20 years of 1:1 Programs

What we have learned from 20 years of 1:1 Programs

 

While COVID lockdowns have placed more emphasis on digital learning, the implementation of one device per student across schools has a long history – one that Winthrop has been part of since the beginning. While the devices may have changed, some challenges persist and many of the lessons are just as relevant today as they were a decade ago. In this article we reflect on the last two decades and draw out some of the key lessons for schools.

 

When it comes to key decision about 1:1 programs historically one of the biggest was the choice between Apple and Windows platform. Both camps have their ardent supporters and once a school had made their selection, they generally stuck with it. Although the two platform options were available, the majority of Secondary Schools historically chose a Windows devices. While adoption of devices in Primary Schools came later than in Secondary Schools, initially the only viable option was the Apple iPad. Applications sat on the device and application developers for schools then prioritised the dominant platform, which reinforced these market positions.

 

While history and the ongoing legacy continues to play a key part in the schools choice of platform, another factor behind this trend is that in primary school the device is generally used to consume content, while in secondary school the device which has greater power and functionality is generally used to create content. Budget is also a major consideration. With primary schools having smaller budgets and curriculum being more focused on content consumption, iPads and more recently Chromebooks are the most widely used devices. Whereas the emphasis on content creation in secondary school makes MacBooks & Higher spec Windows devices the more common choice. As the years have passed the platform has become less relevant with many applications able to work across the range, many applications now hosted. While the majority of schools still tend to choose one path, and both paths are good choices, some have successfully introduced environments where a mix coexists comfortably, and the platform is chosen based on specific requirements for year levels and subjects.

 

Which brings us to one of the first key lesson of 1:1 programs – the ticket price of the device should not be the major driver in the choice of device.

 

Lesson One – Avoid False Economy

 

Any 1:1 program device should last the student at least three years, so the cost of ownership needs to be assessed across three years, rather than just at the point of purchase. Related to this, is whether or not the device is fit for purpose longer term – another way of looking at this is to consider the question, ‘will the device being purchased at the start of year seven be capable of meeting the demands of a year 9 student three years from now?’  There are three key elements to resolving this question: specifications, quality and support.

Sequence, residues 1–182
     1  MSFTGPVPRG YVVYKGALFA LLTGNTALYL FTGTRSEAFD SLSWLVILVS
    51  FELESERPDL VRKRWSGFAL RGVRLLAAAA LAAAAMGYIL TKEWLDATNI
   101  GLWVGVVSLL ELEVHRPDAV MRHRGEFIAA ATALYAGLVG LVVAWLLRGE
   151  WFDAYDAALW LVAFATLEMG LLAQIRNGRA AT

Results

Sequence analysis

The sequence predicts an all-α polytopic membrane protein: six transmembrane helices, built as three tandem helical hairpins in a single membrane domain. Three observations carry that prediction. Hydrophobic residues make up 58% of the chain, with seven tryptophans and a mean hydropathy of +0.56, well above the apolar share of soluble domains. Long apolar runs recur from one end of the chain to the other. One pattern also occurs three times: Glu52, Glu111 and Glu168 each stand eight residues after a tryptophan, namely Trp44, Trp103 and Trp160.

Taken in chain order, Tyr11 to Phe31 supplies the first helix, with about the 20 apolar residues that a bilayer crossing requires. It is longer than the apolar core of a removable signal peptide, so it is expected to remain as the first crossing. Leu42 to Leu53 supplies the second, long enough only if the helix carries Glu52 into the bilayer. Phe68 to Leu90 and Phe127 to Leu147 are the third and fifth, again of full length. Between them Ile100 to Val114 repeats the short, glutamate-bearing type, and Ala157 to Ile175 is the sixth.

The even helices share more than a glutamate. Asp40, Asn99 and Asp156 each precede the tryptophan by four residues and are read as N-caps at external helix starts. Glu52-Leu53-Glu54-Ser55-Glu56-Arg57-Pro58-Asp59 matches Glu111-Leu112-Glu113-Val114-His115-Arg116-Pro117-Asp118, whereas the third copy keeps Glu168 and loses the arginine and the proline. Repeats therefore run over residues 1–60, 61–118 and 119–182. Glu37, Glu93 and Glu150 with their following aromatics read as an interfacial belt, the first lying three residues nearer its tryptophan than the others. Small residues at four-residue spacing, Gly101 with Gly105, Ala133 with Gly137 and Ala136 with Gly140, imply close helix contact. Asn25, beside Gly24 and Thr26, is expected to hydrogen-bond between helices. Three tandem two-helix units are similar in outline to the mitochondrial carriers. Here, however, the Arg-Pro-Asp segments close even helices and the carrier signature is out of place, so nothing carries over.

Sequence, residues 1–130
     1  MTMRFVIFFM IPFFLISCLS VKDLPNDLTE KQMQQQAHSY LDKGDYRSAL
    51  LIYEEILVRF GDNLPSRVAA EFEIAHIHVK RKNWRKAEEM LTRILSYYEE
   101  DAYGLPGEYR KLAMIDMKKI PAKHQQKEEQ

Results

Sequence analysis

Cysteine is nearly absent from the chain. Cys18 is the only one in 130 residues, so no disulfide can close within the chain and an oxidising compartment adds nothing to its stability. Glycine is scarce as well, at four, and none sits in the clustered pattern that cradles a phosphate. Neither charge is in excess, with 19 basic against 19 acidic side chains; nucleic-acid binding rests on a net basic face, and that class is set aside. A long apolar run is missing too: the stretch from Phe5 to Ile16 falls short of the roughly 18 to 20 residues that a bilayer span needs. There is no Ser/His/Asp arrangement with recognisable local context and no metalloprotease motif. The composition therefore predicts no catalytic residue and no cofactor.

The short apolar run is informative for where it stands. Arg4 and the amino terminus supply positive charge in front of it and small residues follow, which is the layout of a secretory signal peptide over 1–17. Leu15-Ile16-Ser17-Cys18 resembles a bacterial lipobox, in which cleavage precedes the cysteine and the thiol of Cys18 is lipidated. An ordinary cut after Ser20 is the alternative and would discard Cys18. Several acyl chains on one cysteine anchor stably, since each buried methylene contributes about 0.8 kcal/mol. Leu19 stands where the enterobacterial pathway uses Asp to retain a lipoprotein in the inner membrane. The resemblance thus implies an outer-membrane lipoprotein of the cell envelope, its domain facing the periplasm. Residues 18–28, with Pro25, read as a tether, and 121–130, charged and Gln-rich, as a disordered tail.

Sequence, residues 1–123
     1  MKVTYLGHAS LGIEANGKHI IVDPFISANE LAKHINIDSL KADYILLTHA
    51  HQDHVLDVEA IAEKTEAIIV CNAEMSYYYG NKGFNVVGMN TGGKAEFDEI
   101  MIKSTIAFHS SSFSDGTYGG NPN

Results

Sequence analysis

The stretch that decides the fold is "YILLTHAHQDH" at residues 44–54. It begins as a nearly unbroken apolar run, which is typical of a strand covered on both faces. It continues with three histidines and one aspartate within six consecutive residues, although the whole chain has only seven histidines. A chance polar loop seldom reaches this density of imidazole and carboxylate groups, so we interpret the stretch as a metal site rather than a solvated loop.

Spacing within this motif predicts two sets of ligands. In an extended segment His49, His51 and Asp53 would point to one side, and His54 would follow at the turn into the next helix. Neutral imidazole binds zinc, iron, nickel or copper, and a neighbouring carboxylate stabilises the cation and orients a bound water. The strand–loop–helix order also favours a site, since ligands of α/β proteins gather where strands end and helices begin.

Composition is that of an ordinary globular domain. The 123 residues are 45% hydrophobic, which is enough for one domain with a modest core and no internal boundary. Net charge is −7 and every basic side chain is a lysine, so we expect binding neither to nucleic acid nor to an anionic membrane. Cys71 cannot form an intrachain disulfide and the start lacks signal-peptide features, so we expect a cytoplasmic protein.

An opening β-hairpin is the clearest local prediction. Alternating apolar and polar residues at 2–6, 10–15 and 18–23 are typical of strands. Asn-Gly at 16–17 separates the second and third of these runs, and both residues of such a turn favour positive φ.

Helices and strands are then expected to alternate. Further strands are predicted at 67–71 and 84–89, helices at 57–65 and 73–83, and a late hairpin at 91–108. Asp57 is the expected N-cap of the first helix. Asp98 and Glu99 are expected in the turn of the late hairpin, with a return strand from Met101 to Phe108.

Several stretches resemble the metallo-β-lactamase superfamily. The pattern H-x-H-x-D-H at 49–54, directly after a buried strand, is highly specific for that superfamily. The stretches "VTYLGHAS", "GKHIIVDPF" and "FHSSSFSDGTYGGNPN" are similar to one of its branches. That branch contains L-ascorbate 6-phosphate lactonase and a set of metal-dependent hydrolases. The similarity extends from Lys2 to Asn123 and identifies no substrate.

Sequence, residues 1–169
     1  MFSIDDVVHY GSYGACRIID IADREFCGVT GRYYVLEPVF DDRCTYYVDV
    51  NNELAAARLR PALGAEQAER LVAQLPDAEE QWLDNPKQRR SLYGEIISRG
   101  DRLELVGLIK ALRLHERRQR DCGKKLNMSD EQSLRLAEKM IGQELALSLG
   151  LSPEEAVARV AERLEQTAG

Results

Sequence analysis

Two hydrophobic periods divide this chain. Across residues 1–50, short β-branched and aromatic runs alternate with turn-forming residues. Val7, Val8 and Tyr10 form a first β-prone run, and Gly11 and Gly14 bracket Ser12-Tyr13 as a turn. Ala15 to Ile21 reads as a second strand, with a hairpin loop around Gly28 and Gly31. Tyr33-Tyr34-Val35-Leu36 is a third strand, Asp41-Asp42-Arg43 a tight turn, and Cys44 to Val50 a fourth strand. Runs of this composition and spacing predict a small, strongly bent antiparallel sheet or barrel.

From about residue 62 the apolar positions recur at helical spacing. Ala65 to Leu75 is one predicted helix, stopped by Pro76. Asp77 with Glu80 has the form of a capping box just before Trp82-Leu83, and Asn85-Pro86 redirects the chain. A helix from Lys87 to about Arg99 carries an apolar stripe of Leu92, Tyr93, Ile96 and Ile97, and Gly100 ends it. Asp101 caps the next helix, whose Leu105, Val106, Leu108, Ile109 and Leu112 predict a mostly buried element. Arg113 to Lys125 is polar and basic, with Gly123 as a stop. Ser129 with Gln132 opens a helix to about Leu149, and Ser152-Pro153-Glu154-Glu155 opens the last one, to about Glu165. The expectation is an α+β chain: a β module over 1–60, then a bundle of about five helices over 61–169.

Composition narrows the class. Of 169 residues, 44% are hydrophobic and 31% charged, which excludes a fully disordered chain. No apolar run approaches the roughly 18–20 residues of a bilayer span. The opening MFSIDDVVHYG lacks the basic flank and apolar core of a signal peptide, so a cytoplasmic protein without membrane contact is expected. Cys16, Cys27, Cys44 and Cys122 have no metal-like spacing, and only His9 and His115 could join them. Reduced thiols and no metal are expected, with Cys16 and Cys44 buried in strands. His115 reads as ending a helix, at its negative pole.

• Specifications: it is important to understand IT trends and set the specifications bar high enough that the device will still be capable of delivering a productive user experience three years into the future.
    • Quality: students are to computers what taxi drivers are to cars – as a rule of thumb over the same period a student will have twice as much wear and tear on a computer as an office user. Subsequently the build quality and durability matter more for student devices.
    • Support: the support goal should be to minimise downtime. Which is why the source of support matters as least as much as the warranty/ accidental damage cover.  The warranty and accidental damage cover will help you financially, but it is the source of support that will determine how long it takes to get the device working again.  This is a major trap for families when sourcing their bring-your-own-device, with some devices having return-to-manufacturer warranty support conditions that not only result in long turn around times, but also potentially result in data loss.  (Top tip: Only purchase from a supplier that is also a service provider for the device or can increase the standard support levels on your devices.)

 

The cost of downtime does not just apply to the individual student, it also has a ripple effect on other students and the class lesson plan – particularly when there are multiple simultaneous outages. Subsequently, if the initial saving on the device is made possible by compromising the specifications, quality, or support – then it is a false economy.

 

Lesson Two – Choose Wisely

 

In the movie The Last Crusade, a 700-year-old knight advised Indiana Jones to ‘choose wisely’, which turned out to be avoiding all the flashy options and selecting the common-man’s alternative.  In 1:1 programs the wise choice is also the common choice. Taking the path less travelled might be nice on a scenic walk, but it can be fraught with danger when applied to laptop selection.  This is often a difficult message to get across to students and parents that place a premium on self-expression – regardless of whether the item is an expression of wealth, artistic flair, or technical knowledge.  The best way to deliver the message is frequently the Henry Ford way, i.e. “You can have any [device] you want, providing it is [X]”.